Are there cross indictments in cases of larceny? They scarcely ever try larcenies at the quarter sessions in the south; in the county of Kerry, with which I am best acquainted, I have known but one or two instances of petit larceny tried at sessions."

Are the proceedings of the court conducted with order and regularity?-No, they are not, except when the personal character of the assistant barrister is of a more decisive nature; it depends altogether on the decision of the individual; for example, the gentleman who filled the chair in the county of Limerick, a most respeetable gentleman, Mr. Lloyd, kept his court in great order ; I have known other very valuable men, who have not kept their courts at all in order."

What class of the profession practise in those courts ?-Barristers scarcely at all, except in the county of Cork; there are some barristers who are resident; from the quantity of property in Cork, it forms a kind of exception; I understand there is a little of that in Waterford also, or rather there was; but in Cork, from the quantity of commercial property, and the Recorder of Cork, Mr. Wagget, having qualities to make him an excellent


judge; he is a gentleman of private fortune, who was in a very successful career at the bar, and was qualified to reach the very highest station in it; that gentleman is Recorder of Cork, with a very small salary, which he has repeatedly refused to allow to be increased. In his record court, the trial is by jury, and the pleadings are in his court regularly filed, as regularly as in the courts above; he sits at least once a week to try records, and tries questions of very great magnitude; there is a bar established in Cork by that means; out of Cork, with the single exception of Waterford, I believe there is no local bar; the consequence is, that the sessions business is done altogether by attorneys, and the class of sessions attorneys is not the most respectable; but I should say, that very respectable men also do practise, especially the young men of respectable connexions, and in the commencement of their career, practise in the sessions.

Is it considered discreditable for a respectable attorney to practise in the court of quarter sessions in Ireland ?--It still continues, to a considerable extent, to be so; it was considered quite disreputable, and it was so by reason of some of the leading men of the profession of attorneys, having formed rather a fashionable club in Dublin, in which it was a rule that no man should be admitted, who practised in the sessions court, so that they themselves stigmatized the sessions practitioners; that, however, is diminishing, from the reason I stated, that respectable young men do certainly now practise; the relaxation of the Popery laws has given a better class of attorneys than existed in the counties before.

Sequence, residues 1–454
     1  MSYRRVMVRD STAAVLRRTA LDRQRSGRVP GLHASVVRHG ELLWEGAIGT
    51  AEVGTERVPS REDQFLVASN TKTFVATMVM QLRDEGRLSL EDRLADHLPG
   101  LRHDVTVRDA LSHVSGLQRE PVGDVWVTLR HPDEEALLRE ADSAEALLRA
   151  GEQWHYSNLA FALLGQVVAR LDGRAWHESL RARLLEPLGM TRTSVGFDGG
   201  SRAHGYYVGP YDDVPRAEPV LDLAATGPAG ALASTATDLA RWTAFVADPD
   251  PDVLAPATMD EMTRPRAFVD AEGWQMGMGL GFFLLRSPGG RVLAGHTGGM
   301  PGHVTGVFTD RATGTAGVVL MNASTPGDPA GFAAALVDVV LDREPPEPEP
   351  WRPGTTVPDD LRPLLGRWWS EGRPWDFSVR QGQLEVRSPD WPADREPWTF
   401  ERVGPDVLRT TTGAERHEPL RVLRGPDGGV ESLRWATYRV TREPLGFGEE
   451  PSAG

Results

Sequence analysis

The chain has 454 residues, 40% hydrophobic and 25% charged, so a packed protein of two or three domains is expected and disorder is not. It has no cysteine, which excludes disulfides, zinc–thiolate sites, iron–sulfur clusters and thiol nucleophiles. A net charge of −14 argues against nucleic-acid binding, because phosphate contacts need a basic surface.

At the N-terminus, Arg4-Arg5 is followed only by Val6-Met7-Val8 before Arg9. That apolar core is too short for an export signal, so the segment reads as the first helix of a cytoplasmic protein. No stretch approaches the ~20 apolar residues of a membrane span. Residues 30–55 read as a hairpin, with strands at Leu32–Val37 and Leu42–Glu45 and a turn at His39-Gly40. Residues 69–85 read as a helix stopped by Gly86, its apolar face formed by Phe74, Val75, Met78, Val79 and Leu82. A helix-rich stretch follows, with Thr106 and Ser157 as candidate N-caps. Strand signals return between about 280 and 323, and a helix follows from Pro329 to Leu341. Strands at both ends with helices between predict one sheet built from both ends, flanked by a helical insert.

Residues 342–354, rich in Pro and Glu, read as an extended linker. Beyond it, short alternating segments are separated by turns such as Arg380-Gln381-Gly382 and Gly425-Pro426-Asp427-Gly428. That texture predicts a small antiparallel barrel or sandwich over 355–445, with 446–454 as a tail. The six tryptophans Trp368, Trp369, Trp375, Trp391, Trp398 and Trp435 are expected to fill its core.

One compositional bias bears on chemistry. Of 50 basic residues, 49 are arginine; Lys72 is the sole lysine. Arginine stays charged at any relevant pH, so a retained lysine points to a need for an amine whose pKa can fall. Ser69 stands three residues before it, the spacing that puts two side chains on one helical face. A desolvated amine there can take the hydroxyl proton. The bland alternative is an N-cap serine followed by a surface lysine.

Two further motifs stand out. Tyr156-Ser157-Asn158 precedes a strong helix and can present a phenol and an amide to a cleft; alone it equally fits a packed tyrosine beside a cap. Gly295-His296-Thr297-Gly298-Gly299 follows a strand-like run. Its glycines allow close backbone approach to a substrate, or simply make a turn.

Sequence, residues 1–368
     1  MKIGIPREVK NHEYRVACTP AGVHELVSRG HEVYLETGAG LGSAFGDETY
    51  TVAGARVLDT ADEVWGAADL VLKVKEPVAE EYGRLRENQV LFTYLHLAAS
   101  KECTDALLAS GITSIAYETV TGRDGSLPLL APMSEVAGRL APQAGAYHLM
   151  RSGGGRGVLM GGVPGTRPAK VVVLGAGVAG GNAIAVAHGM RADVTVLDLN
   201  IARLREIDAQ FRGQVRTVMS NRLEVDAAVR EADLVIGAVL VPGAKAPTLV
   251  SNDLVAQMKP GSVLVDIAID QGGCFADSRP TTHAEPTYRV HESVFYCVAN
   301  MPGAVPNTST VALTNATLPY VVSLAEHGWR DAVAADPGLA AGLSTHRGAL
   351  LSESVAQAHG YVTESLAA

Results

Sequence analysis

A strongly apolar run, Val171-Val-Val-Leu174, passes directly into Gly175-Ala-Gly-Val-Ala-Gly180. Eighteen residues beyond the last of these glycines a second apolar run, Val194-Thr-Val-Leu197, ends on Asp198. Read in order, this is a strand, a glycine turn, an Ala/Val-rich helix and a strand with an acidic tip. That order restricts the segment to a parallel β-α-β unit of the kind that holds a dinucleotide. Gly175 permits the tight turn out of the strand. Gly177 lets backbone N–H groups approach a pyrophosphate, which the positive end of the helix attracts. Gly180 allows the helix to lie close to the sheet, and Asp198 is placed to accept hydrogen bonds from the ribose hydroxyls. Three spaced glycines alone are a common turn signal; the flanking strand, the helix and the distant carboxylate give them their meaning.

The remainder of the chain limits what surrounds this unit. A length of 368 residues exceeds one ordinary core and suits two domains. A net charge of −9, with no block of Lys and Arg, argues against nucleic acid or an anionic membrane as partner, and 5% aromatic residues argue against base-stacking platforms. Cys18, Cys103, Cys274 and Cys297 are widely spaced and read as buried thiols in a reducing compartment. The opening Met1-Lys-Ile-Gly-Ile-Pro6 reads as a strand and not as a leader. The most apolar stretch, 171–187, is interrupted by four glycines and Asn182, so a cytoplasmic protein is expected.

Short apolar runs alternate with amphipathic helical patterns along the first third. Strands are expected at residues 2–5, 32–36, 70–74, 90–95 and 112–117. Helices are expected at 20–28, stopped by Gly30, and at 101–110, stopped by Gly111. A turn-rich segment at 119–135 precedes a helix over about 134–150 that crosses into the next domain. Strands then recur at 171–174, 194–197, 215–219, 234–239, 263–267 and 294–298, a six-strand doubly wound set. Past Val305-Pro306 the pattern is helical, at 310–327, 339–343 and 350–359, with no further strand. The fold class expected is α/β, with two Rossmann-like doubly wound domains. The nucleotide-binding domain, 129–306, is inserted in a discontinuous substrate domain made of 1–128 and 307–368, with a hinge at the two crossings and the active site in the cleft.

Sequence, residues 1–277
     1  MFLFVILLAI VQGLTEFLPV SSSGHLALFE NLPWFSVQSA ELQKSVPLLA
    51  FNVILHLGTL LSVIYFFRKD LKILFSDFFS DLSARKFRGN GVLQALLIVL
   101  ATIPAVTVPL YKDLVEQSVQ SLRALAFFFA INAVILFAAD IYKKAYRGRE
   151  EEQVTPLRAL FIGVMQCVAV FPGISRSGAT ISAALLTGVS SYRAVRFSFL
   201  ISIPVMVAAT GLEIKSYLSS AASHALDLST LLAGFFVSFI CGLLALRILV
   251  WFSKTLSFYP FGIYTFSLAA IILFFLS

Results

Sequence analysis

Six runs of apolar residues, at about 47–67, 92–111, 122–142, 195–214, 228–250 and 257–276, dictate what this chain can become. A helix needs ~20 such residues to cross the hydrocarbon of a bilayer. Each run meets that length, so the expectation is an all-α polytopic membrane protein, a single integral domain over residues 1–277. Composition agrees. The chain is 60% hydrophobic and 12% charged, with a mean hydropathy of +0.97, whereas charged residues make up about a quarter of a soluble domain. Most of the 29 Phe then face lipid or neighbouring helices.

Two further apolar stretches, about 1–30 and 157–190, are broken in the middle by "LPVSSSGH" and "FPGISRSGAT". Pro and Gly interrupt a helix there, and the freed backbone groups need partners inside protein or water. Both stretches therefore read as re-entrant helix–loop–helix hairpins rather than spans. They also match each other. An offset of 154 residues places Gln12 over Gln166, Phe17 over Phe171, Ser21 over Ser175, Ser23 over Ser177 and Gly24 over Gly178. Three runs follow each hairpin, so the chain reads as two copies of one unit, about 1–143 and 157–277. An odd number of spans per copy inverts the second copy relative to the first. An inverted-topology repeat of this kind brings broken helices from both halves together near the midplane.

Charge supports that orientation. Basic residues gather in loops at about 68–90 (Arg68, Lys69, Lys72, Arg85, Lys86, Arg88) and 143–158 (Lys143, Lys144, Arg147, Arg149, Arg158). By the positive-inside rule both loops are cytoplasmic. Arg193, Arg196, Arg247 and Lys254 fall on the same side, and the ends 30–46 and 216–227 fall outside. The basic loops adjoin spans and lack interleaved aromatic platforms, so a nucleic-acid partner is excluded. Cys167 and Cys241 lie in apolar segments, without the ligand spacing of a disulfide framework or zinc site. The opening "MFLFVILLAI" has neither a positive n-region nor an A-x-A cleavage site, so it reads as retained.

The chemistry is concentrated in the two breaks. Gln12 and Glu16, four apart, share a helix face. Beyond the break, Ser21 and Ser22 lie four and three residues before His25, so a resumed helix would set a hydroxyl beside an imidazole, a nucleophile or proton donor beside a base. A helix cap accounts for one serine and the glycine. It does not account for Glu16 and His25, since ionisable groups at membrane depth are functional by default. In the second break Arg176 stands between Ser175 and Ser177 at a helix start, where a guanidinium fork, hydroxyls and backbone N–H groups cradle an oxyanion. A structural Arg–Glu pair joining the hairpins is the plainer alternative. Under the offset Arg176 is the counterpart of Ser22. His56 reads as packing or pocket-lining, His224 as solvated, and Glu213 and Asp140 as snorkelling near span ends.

Are the fees regulated by Act of Parliament ?—The fees of the Civil Bill court are regulated by Act of Parliament. I am ignorant whether the fees of the criminal court are regulated by Act of Parliament or not.

What is your opinion with regard to the effect of those fees, in preventing respectable attorneys practising in those courts ?-I am persuaded that the limited nature of the fees is an evil every where, that prevents respectable attorneys práctising, when they get into general business; and it has a natural tendency to excite attorneys when they do practise, to multiply the number of cases, in order that the number may make up to them emoluments, which ought to be created by a lesser quantity.

Since the stamp duty has been taken off the process, is it not in the power of any man to summon another, and place him under the vexatious circumstances of being called upon to appear in court, without incurring any expense whatsoever?--It is, certainly; he can do it, of course, at a great deal less expense since the stamp duty was taken away; but as long as courts exist for the recovery of small debts, which I beg again to say, as far as my own humble judgment goes, is against that judgment, I think